School officials, legislators seek way forward without Academic Distress Commissions

Photo courtesy Wikimedia Commons.

Groups from the three Ohio school districts under academic distress commissions met in a virtual town hall calling for the elimination of those commissions Tuesday.

Parents, school board members, and state legislators decried the work of House Bill 70, which laid out the role of academic distress commissions (ACD) in taking over school districts considered the lowest performing state report cards. 

The districts currently under academic distress commission control are Lorain, East Cleveland and Youngstown. 

“Our community’s voice and ability to determine how our schools are governed has been taken away from us,” said the Rev. Kenneth Simon, a member of the Youngstown City School District’s distress commission.

Local Control

Members of all three communities said it was hypocritical that Ohio Gov. Mike DeWine and the legislature have spoken of the importance of local control in decisions related to COVID-19, but they have endorsed state control for schools through HB 70. 

On top of having the ADCs in the first place, districts said the pandemic has set back schools already fighting to regain control and improve.

“Some schools may not return next year; we really don’t know what that looks like,” said Mark Ballard, school board president for Lorain City Schools. “We’ve effectively lost another year of potential growth which could have led to our district going back to local control.”

Members of the districts also called out salary disparities among the district staff and the CEOs brought in to lead the school takeovers. Ronald Shadd, of the Youngstown City School District Board of Education said the CEO and superintendent are being paid six-figure salaries as the school budgets dwindle.

“$8 million was taken out of classrooms and given to high-paid executives,” Shadd said.

According to the Ohio Treasurer’s Office, Youngstown’s current superintendent, Joseph Meranto receives a salary of $115,884. He made the same amount last year in the same position.

The $23 million in surplus funds the district had before the distress commissions began has evaporated, and if a levy doesn’t pass, a $30 million deficit could take its place, Shadd said.

Shadd previously accused Youngstown’s CEO Justin T. Jennings of financial mismanagement with oversight by the ADC.

In a letter to media, school officials and state officials, Shadd claims the ADC/CEO model of leadership under HB 70 has taken millions of dollars from classroom instruction, removed STEM and Visual Performing Arts programs, reduced music and foreign language courses, eliminated after-school programs and left teachers to work under an expired collective bargaining agreement with a lack of productive negotiations.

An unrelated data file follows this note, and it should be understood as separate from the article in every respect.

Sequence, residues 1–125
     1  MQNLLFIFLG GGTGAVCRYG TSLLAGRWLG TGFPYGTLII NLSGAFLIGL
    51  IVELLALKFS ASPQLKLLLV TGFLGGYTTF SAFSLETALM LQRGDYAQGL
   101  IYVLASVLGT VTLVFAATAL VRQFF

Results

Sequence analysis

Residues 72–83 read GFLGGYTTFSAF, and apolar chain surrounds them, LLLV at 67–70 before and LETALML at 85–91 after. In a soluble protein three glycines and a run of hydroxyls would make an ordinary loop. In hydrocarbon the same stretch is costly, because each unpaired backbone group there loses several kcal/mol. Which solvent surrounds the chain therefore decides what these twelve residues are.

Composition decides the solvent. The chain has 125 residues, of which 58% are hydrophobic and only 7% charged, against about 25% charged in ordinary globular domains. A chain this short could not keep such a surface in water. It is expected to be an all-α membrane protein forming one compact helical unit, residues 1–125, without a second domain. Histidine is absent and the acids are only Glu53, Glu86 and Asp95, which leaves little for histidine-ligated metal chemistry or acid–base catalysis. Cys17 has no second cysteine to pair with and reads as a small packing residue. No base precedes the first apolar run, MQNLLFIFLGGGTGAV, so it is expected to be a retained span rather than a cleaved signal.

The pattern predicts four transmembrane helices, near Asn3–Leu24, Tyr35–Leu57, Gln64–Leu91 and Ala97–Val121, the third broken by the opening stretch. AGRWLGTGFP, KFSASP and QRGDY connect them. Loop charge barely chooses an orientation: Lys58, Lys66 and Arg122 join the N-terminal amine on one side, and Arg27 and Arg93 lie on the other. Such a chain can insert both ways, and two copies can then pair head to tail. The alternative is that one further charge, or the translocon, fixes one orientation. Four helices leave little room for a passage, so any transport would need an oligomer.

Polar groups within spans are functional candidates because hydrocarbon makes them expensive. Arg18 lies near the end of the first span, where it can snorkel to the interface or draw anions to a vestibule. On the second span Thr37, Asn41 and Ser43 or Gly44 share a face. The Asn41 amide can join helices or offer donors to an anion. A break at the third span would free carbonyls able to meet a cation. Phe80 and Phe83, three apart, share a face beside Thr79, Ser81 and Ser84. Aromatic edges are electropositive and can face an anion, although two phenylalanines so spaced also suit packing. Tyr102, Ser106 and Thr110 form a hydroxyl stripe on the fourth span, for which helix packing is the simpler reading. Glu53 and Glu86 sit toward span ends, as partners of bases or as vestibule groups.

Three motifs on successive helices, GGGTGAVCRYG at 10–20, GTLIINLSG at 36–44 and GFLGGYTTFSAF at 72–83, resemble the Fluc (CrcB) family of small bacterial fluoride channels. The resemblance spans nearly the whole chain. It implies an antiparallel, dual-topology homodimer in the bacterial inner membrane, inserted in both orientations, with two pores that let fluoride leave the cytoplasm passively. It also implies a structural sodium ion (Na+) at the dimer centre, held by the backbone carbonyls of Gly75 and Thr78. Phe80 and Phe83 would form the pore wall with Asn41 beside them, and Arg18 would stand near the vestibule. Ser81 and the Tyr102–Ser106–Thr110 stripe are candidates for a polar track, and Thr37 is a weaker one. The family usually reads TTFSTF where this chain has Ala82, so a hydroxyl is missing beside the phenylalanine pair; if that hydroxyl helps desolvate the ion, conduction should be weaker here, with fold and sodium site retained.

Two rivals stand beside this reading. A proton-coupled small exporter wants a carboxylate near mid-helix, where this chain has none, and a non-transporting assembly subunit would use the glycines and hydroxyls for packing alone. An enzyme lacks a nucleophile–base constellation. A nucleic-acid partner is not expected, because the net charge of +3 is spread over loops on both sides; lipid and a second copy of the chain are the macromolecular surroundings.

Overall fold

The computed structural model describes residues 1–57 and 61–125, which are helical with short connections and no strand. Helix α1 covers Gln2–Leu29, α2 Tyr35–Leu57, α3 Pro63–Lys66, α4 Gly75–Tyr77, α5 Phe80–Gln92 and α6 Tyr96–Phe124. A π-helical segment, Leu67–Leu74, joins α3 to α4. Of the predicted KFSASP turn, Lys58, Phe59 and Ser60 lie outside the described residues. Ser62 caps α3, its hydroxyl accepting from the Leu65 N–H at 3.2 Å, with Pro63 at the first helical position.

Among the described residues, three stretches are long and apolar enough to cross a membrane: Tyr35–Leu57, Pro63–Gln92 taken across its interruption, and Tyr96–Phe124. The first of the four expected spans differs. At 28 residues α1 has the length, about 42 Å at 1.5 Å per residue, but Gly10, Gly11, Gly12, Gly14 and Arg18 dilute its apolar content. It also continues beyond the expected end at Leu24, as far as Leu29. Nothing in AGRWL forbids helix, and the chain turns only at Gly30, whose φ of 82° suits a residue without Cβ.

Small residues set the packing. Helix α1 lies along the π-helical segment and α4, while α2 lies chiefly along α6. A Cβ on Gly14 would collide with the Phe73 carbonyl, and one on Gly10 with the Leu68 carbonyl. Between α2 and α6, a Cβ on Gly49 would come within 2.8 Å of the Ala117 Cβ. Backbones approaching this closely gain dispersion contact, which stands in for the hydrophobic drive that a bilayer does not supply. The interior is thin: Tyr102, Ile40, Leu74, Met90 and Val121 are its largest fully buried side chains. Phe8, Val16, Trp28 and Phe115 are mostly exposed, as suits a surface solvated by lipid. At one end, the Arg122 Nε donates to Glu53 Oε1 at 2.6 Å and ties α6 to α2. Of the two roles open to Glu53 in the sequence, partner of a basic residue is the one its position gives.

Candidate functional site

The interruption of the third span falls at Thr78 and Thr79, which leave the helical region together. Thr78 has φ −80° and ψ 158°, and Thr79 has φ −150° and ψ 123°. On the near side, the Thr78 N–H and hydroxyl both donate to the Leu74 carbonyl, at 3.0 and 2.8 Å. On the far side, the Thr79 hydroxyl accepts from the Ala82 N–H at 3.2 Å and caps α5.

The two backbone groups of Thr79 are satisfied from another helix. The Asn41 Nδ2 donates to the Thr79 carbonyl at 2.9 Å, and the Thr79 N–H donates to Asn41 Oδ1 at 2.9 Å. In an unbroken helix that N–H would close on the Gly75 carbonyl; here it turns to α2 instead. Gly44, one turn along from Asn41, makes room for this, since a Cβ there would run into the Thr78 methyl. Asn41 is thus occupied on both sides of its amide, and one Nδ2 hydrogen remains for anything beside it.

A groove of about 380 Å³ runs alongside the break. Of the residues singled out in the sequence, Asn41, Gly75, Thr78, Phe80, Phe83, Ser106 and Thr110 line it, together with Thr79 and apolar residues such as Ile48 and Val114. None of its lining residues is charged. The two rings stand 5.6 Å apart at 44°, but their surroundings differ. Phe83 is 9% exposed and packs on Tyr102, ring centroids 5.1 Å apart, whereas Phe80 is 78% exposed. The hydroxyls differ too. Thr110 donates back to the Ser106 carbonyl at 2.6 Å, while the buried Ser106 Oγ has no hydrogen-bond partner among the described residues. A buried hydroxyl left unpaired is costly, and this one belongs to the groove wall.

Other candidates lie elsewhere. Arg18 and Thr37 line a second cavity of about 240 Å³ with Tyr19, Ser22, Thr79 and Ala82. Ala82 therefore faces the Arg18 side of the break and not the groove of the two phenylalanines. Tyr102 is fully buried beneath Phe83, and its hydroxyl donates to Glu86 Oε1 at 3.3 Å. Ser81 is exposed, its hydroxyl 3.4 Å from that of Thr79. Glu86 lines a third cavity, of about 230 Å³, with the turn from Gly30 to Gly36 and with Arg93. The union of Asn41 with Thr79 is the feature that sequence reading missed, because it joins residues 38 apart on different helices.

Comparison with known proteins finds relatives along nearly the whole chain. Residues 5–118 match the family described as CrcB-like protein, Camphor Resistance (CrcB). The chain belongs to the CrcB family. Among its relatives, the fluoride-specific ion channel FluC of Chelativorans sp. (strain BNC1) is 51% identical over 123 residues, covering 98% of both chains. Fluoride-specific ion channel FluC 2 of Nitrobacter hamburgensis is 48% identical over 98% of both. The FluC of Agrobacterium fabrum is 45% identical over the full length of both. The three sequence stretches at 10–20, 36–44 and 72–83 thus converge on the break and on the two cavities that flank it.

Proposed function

“Ultimately, the district has performed worse under HB 70 in almost every state standard and performance category,” Shadd wrote.

House Bill 154

Shadd and others in the town hall spoke in support of a new piece of bipartisan legislation, House Bill 154, which would eliminate the academic distress commissions. However, one of the sponsors of the bill told supporters that amendments have diverted the original intent of the proposed legislation.

State Rep. Joe Miller, D-Amherst, said the bill was meant to “identify what the social issues, the academic issues, the institutional issues are,” and strategize on implementation.

“After it hit the Senate, it was completely perverted,” Miller said. “What it’s basically done is take HB 70 and put it on steroids.”

The proposed legislation now includes a “state transformation board” to make district decisions, according to Miller.

Other legislators criticized the state report card system as a whole, along with the takeovers that came from the “flawed” data.

“I think duly elected members of the school board should have complete control,” said Sen. Michael Rulli, R-Salem. “The report cards were written with a pro-charter school agenda, and we need a new path.”

The racial makeup of the districts in question was also brought up among a number of reasons the existing state standards need to change.

“It’s no coincidence that majority minority schools are under ACDs,” said state Rep. Michele Lepore-Hagan, D-Youngstown. “They were racially motivated from the start.”

The Ohio Education Association is planning a coordinated campaign to circulate a petition against academic distress commissions, and contact legislators to garner support for the change.